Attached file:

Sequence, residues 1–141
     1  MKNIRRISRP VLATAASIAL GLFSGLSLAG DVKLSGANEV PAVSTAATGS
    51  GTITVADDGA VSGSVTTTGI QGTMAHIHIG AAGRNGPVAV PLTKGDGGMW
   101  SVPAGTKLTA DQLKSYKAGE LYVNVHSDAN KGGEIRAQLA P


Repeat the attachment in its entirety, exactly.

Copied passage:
Sequence, residues 1–141
     1  MKNIRRISRP VLATAASIAL GLFSGLSLAG DVKLSGANEV PAVSTAATGS
    51  GTITVADDGA VSGSVTTTGI QGTMAHIHIG AAGRNGPVAV PLTKGDGGMW
   101  SVPAGTKLTA DQLKSYKAGE LYVNVHSDAN KGGEIRAQLA P